NEWS IN BRIEF: Mutsekwa the chosen one

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MDC-T secretary for defence and security Giles Mutsekwa has been chosen as the official candidate for the Dangamvura/Chikanga constituency in parliamentary elections by the party’s leadership.

All Reports by Staff Writer.

Mutsekwa and lawyer Arnold Tsunga had been at loggerheads after both filed nomination papers as MDC-T candidates two weeks ago following the party’s failure to hold primary elections in the constituency.

According to senior MDC-T sources, Tsunga’s candidature would be withdrawn and he will be deployed elsewhere in the party after elections.

“Mutsekwa will be the party’s candidate for Dangamvura/Chikanga constituency after the national leadership resolved that they will go with the incumbent than to hold primaries at this late hour,” the source said.

“Tsunga will be deployed to some new post after the elections and this closes the case. Mutsekwa was going to be chosen because of his string leanings to (party leader Morgan) Tsvangirai’s faction. That’s why he had the guts to stand up on Sunday (in Marondera) before the matter was finalised.”

The MDC-T is divided into two camps pitting Tsvangirai and secretary-general Tendai Biti. Mutsekwa is aligned to Tsvangirai while Tsunga reportedly backs Biti.
Sources say primaries were a battle between Tsvangirai and Biti to place their allies in parliament ahead of the party’s 2016 elective congress.

Sources believe Biti will challenge Tsvangirai for the party’s leadership should the prime minister lose the presidential poll in the July 31 general elections.

Factionalism in MDC-T is based more on class with lawyers, civil society leaders and students coming together under Biti, while Tsvangirai has the backing of trade unionists because of his background as a trade union leader.

Seven disgruntled former party MPs and aspiring candidates filed as independents in the polls set for July 31 after losing primary elections they claimed were rigged.


Parties’ bigwigs avoid elections

ZANU PF, MDC and MDC-T used the recently introduced proportional representation system to give a parliamentary soft landing to party bigwigs and loyalists without directly contesting in the elections. The consolidated party lists for the senate, national assembly and provincial councils filed with the Zimbabwe Electoral Commission shows how the main political parties largely used patronage and cronyism to ensure loyalists will be parliamentarians after the July 31 polls.

Senate members, the 60 women’s quota for the national assembly as well as provincial council members are elected indirectly through the proportional representation system after adoption of the new governing charter.

Bigwigs who elected to avoid the ballot include Zanu PF national chairperson Simon Khaya-Moyo, secretary for youth Absolom Sikhosana, Sydney Sekeramayi, Angeline Masuku, Cleveria Chizema, Monica Mutsvangwa, Oppah Muchinguri, Tsitsi Muzenda, Tambudzani Mohadi, Cain Mathema, Olivia Muchena, Ednah Madzongwe, Sabbina Thembani, Abigail Damasane, Anastancia Ndhlovu and Sikhanyisiwe Mpofu, Kumbirai Kangai and Sithokozile Mathuthu. MDC-T deputy president Thokozani Khupe, Consilia Chinanzvavana, Morgen Komichi, Silas Matamisa, Evelyn Masaiti, Ruth Labode, Sekai Holland, James Makore, Matson Hlalo, Patrick Chitaka and Keresencia Chabuka all opted for the seemingly easy route.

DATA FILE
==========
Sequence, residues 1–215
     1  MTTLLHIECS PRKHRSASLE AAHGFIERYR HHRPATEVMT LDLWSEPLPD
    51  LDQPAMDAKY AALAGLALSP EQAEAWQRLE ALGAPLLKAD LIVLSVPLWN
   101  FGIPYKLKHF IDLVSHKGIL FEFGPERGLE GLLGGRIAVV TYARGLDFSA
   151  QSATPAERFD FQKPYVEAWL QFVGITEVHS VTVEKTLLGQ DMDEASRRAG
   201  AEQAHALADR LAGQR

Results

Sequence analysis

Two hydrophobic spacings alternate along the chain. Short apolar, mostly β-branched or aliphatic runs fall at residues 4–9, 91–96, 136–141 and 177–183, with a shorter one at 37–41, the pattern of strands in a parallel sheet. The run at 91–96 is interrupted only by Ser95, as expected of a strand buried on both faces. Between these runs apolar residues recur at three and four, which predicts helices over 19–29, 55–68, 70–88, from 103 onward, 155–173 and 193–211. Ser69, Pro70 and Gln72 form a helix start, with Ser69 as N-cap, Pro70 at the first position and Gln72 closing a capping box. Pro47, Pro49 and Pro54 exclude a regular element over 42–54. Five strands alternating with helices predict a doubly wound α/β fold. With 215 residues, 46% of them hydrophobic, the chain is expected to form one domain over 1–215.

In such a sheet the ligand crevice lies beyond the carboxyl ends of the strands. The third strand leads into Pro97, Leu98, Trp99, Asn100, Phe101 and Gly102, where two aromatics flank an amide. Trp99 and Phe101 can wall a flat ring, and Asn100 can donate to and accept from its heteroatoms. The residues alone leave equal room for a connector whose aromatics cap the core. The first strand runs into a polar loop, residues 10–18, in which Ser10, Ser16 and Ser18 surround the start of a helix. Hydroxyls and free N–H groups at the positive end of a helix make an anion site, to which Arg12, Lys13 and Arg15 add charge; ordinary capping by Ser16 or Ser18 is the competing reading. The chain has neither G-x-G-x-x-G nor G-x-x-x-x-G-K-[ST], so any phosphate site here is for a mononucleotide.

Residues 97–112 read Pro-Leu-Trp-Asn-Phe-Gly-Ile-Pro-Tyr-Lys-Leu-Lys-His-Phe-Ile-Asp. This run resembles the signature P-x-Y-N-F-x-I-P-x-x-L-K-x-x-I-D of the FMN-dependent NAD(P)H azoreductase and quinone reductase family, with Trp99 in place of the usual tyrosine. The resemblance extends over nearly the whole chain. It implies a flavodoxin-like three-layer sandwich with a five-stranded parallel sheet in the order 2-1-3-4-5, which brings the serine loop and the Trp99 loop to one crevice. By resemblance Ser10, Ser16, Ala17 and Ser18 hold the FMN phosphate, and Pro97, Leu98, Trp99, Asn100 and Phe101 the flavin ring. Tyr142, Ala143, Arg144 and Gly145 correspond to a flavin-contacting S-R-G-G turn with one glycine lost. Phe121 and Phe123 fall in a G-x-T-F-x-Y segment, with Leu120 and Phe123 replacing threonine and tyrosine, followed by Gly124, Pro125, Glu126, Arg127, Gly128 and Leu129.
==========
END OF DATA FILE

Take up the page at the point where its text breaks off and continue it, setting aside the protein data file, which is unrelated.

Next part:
The MDC has secretary-general Priscilla Misihairabwi-Mushonga and Edwin Mushoriwa.

Positioning on the list is relative to the importance the party wants one in government when it assumes power.— Staff Writer.

Voter registration controversy

SOME people managed to register in Mount Pleasant on Wednesday afternoon despite voter registration officially closing at midnight on Tuesday and the Zimbabwe Electoral Commission (Zec) saying there would be no extension.

It was unclear what criterion was used to register them as some people were turned away at the same centre.

Thousands of potential eligible voters failed to register countrywide after they failed to acquire identity documents as a result of the process moving at a snail’s pace. The major hurdle was the issue of long birth certificates with no ID numbers. People faced with this problem were asked to surrender their original ID cards and rejoin the queue to get new IDs, and then wait to collect new ones before rejoining the voter registration queue again.

People with the correct documents found the process frustratingly slow and chaotic.After spending long hours in the queue, some potential voters were asked to go and register at other centres resulting in them abandoning the process fearing they would encounter the same problems.

The Zimbabwe Election Support Network issued a statement on Wednesday demanding an extension of voter registration by another week to cater for those who failed to register despite spending long hours in the queues. .

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